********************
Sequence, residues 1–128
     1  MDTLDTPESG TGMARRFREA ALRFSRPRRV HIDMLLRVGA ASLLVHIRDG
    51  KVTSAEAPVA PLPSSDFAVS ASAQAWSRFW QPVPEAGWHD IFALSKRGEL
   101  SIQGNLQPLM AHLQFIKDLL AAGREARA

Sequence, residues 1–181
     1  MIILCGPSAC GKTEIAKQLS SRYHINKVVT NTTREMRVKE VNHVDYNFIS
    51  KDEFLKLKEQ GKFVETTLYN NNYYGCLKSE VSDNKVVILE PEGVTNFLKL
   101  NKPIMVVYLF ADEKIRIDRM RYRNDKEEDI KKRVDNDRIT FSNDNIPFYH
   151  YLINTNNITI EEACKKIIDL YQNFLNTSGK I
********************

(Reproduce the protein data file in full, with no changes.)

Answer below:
Sequence, residues 1–128
     1  MDTLDTPESG TGMARRFREA ALRFSRPRRV HIDMLLRVGA ASLLVHIRDG
    51  KVTSAEAPVA PLPSSDFAVS ASAQAWSRFW QPVPEAGWHD IFALSKRGEL
   101  SIQGNLQPLM AHLQFIKDLL AAGREARA

Sequence, residues 1–181
     1  MIILCGPSAC GKTEIAKQLS SRYHINKVVT NTTREMRVKE VNHVDYNFIS
    51  KDEFLKLKEQ GKFVETTLYN NNYYGCLKSE VSDNKVVILE PEGVTNFLKL
   101  NKPIMVVYLF ADEKIRIDRM RYRNDKEEDI KKRVDNDRIT FSNDNIPFYH
   151  YLINTNNITI EEACKKIIDL YQNFLNTSGK I